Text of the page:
Lawmaker violates campaign finance law, faces possible criminal investigation

Posted Nov. 30, 2011, at 1:49 p.m.
Last modified Dec. 02, 2011, at 12:18 p.m.

AUGUSTA, Maine — The Maine Ethics Commission ruled Wednesday that a state representative from York County committed numerous violations of the Maine Clean Elections Act last year.

Commission members also recommended that the Maine Attorney General’s office investigate the conduct of David R. Burns, R-Alfred, for possible criminal prosecution.

Burns, a first-time House member who was elected in November 2010, represents House District 138 and the towns of Alfred, Limerick, Newfield and Shapleigh. He was randomly selected by the Maine Ethics Commission earlier this year to submit to an audit of his campaign finance practice.

During the 2010 election cycle, more than 60 candidates were randomly audited (20 percent of all Clean Election candidates), and about 75 percent revealed no violations, Ethic Commission Director Jonathan Wayne said. The rest revealed mostly minor missteps related to record-keeping and reporting expenses.

The Burns’ audit, according to Wayne, revealed a level of misconduct that has rarely been seen by his office.

Burns’ audit report included eight individual instances where Burns reportedly violated provisions of the Maine Clean Elections Act. As a clean elections candidate, Burns received public funds to run his campaign and, in return, was subject to strict guidelines for how those funds were spent and how they expenditures were recorded.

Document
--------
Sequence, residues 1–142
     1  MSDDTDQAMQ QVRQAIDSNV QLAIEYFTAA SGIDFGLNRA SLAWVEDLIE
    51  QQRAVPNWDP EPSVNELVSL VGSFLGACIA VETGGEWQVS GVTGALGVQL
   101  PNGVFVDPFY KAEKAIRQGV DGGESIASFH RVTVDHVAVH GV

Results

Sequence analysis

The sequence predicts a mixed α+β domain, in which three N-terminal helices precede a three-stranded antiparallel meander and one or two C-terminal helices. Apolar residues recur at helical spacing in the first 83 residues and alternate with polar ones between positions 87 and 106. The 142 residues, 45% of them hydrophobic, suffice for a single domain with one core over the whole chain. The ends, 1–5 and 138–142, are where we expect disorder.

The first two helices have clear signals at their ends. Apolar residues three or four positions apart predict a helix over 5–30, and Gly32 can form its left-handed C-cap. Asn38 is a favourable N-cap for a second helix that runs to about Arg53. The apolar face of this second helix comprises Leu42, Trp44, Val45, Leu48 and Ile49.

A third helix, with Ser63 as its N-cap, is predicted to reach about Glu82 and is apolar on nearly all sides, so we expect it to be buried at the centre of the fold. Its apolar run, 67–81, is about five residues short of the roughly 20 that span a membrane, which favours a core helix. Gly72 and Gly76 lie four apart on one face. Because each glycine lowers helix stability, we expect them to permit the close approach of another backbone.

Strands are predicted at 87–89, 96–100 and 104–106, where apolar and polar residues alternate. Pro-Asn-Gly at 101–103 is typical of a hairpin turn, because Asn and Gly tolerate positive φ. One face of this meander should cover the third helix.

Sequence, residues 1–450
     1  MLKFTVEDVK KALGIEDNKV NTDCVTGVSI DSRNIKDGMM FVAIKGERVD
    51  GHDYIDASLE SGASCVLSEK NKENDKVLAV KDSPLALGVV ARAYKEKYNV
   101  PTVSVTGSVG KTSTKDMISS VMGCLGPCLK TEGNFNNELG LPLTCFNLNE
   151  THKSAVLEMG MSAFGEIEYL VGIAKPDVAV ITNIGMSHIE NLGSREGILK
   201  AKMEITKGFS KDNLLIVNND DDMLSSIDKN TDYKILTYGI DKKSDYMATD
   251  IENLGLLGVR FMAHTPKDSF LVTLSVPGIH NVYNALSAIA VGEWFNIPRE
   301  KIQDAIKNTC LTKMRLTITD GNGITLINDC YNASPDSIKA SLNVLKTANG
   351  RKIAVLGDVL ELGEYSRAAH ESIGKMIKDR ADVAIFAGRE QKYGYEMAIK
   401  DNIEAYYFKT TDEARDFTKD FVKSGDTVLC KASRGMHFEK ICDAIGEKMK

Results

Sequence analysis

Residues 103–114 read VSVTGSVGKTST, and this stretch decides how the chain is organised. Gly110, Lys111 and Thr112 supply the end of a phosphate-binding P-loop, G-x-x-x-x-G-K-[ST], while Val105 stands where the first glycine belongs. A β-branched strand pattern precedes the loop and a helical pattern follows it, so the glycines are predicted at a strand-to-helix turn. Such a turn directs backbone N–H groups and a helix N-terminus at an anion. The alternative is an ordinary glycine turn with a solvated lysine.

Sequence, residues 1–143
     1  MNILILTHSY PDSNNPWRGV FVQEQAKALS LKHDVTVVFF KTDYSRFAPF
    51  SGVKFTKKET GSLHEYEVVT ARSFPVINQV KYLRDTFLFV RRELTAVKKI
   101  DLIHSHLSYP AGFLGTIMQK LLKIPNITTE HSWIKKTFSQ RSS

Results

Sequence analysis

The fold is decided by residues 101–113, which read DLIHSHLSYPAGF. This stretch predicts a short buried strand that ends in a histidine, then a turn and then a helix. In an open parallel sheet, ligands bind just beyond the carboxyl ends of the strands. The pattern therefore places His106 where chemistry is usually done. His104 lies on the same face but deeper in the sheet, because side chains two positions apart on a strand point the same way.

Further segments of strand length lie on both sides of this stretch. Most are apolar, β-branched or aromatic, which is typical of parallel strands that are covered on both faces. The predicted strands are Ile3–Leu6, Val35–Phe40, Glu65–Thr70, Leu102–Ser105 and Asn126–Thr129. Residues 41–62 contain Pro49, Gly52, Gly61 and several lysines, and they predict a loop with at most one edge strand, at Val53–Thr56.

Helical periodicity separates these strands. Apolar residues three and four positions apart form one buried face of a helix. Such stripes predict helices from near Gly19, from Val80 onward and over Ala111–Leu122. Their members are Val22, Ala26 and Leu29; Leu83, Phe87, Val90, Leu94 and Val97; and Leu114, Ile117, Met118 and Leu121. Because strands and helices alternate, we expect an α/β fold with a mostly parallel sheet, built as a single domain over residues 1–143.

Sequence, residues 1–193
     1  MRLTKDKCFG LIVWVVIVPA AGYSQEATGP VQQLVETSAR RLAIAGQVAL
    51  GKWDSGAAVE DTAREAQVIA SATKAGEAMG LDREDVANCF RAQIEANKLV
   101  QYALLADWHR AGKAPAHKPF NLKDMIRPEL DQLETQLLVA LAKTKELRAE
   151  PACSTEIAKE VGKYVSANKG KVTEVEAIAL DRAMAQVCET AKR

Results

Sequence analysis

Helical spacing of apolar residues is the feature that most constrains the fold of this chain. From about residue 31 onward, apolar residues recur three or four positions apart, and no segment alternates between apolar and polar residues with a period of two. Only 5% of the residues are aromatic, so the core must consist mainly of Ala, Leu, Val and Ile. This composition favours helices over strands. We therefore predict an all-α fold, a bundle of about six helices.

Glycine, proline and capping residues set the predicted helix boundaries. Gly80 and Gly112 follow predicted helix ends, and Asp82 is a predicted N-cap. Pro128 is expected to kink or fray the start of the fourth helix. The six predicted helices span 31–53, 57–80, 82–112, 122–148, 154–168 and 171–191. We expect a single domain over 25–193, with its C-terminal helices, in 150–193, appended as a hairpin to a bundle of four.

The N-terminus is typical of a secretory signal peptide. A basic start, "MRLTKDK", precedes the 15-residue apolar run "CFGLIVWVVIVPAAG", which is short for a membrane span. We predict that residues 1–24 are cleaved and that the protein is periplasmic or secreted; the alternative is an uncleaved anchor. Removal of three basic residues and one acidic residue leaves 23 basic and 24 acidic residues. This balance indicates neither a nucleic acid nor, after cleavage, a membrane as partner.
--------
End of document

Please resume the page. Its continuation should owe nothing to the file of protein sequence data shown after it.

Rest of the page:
A report presented Wednesday revealed, among other things, that Burns co-mingled campaign finances with personal finances, falsified receipts, used public money for personal expenses and failed to accurately report expenditures.

Walter McKee, who chairs the Ethics Commission, called Burns’ misconduct “mind-boggling.” McKee also said he was bothered by what he called “righteous indignation” by Burns and his campaign staff when the audit report was first revealed.

“Then it turns out they falsified documents too,” he said. “I think we need to send a clear message.”

The Ethics Commission recommendation was to order Burns to pay back $2,285 in public funds that he did not use for his campaign. The commission also favored imposing a penalty but deferred action on that pending the outcome of the Attorney General’s investigation. The maximum penalty would be either $5,000 or $10,000 depending on the violation.

Of the eight reported violations found by the audit, commission members approved seven of them. A claim that Burns was not accurate in reporting mileage expenses was effectively dropped because it would take too much effort to find out whether the candidate was telling the truth.

McKee said he would give Burns the benefit of the doubt on mileage even though he probably didn’t deserve it. The audit asserted that Burns was reimbursed more for mileage than any other House or Senate candidate in 2010.

Burns did not attend Wednesday’s hearing. His attorney, Bill Logan, declined to address specific claims but said the representative is cooperating and will continue to do so. Logan said he doesn’t believe Wednesday’s action or the pending investigation will jeopardize Burns’ status in the Maine House.

Asked whether Burns would seek reelection next November, Logan said he didn’t know.

House Speaker Robert Nutting, R-Oakland, said he would wait for the Attorney General’s investigation to wrap up before he offers a comment.

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